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Zipping from Malibu to Manhattan, spending a month in Europe, regrouping and conferring with like-minded colleagues in a state-of-the-art “pleasure dome” — it sounds more like the itinerary of a high-powered executive with a hefty expense account than a contemporary performance company named Poor Dog Group.

But don't second-guess your decision to switch out of your theater major in college just yet. These CalArts grads may not have to clock in to a 9-to-5, but they never, ever clock out either. In addition to collaborating here in L.A., they're constantly on the go. Over the past year, they took planes, trains, automobiles and more in pursuit of forming relationships with companies around the U.S. and abroad, seeking out more places to perform to support themselves full-time as a company, and interacting with other troupes to help inspire and refine their sharply drawn, sometimes infuriating work.

We asked artistic director Jesse Bonnell and director of development and programming Itamar Stern to take us around the world with them. Try not to get winded. (Note: Not all company members attended each trip.)

1. January 2011

Under the Radar Festival

New York City

“Europe descends onto New York City, shopping for fresh blood,” Bonnell says of the festival, which saw Poor Dog presenting to 80 international contemporary theater companies looking for new productions to bring to their respective cities. “It was our introduction to the circuit. We did 10 10-minute presentations — Under the Radar speed dating,” Stern adds.

2. January/February 2011

The Getty Villa residency


For the company's first major commission, it spent two weeks developing Dionysia Dionysia, which examines social and sexual politics in the myth of Thyestes and Atreus, alongside leading academics on Greek theater. Also, “We worked on our tans,” Bonnell says.

3. June 2011

Radar L.A.

Los Angeles

Poor Dog presented to the new international theater festival Brewsie & Willie, their adaptation of Gertrude Stein's 1946 novella, in which she gives voice to World War II G.I.s' uncertainty of their futures upon their return to America. “She's a real American who's really critical of America, just like we are,” Stern says.

By staging the performance, attended by mostly middle- and upper-class audiences, in a loft near Skid Row, the company was “hovering above these two worlds and talking about the issues that concern both class systems,” Bonnell adds.

September-October 2011

Wunderbaum residency

The group won a fellowship from L.A.'s Department of Cultural Affairs, and Bonnell and Stern used it to travel to Europe to study the differences between the U.S.'s and the Netherlands' funding of the arts.

4. Germany, one week

In Berlin, Stern says, “I rode my bike nonstop for four days from gallery to museum to sold-out theater houses.”

5. The Netherlands, three weeks

Their schedule was so rigorous, Stern lost his voice after a three-hour meeting with the Ministry of Culture in the Hague. “I had to whisper through the 16 interviews we had in our final three days of the residency,” he says. The two rented a room in a house, and were so busy they never saw the construction workers who occupied the other four.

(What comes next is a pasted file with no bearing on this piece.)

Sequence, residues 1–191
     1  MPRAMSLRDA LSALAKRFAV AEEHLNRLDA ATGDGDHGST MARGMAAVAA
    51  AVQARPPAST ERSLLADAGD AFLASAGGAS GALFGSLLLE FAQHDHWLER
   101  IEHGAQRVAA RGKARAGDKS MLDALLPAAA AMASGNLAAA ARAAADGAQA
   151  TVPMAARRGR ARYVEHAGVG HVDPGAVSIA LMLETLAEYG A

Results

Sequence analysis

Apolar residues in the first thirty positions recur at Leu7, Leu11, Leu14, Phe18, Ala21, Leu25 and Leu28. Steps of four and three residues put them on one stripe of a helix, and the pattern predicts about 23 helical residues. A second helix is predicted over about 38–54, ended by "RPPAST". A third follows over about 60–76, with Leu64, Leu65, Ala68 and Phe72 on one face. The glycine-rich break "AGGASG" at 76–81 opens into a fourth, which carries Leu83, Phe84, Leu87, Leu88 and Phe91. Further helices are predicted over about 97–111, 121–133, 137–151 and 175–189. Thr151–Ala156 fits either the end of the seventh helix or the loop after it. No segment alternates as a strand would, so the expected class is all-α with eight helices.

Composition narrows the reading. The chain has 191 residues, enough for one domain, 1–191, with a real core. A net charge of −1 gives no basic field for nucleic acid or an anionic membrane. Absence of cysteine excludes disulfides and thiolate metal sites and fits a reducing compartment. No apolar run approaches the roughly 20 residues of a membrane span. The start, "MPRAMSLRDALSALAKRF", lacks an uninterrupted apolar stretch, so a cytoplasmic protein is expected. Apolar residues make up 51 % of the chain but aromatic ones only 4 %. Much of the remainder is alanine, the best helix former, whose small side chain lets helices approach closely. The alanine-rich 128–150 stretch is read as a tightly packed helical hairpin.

Theater in the Netherlands, Bonnell says, is like, “'Show us the weirdest, most obscene art and maybe we'll like it.' And your grandmother is the one making that request.”

6. Poland, four days

Bonnell and Stern couldn't even attend any of the conference's panels, since they booked back-to-back meetings for a solid two and a half days with different companies. “We met in this café in Krakow's city center and transitioned from drinking coffee to wine to beer,” Bonnell says.

7. France, one week

Bonnell: “I saw a theater piece with two women and one was an android from Japan. I saw another piece where they dangled toddlers from these crazy cranes. I've never seen anything like it and I probably never will again.”

8. November 2011

EMPAC (Experimental Media and Performing Arts Center) residency

Troy, N.Y.

The entire company spent three weeks in a “wonderland for the arts,” Bonnell says. “It was a full endorsement of our imaginations,” Stern concurs. “We'd ask for three projectors, and they'd say, 'How about six?'”

9. January 2012

Under the Radar, American Realness,

COIL Festival

New York City

Stern says they were particularly captivated by the Lower East Side's American Realness Festival. “This is the breeding ground for what America contributes to the international contemporary performance landscape, and I'm hooked on wanting to contribute,” Bonnell agrees.

10. February 2012

The MacDowell Colony residency

Peterborough, N.H.

Bonnell won a fellowship to the oldest artists' colony in the U.S. “I made fires and drank soup and played a lot of ping-pong with some architects from Madrid,” he says. “And I did a lot of writing and reading.”

11. March 2012

South Coast Repertory's Studio SCR

Costa Mesa

Poor Dog remounted The Internationalists, a text developed by Bonnell, first presented in 2009 and toured through Eastern Europe. During rehearsals, Stern — who has a role in the play — worked on a grant proposal onstage as the rest of the company did yoga, danced with brooms and in every way toyed with traditional theatrical boundaries, all around him.

12. March 2012

Theatre Communications Group/American Express Leadership Boot Camp

Greensboro, N.C.

For three intense days, Stern attended the mentoring camp, which pairs emerging and established leaders in the theater community. It's difficult to say just which Stern is.

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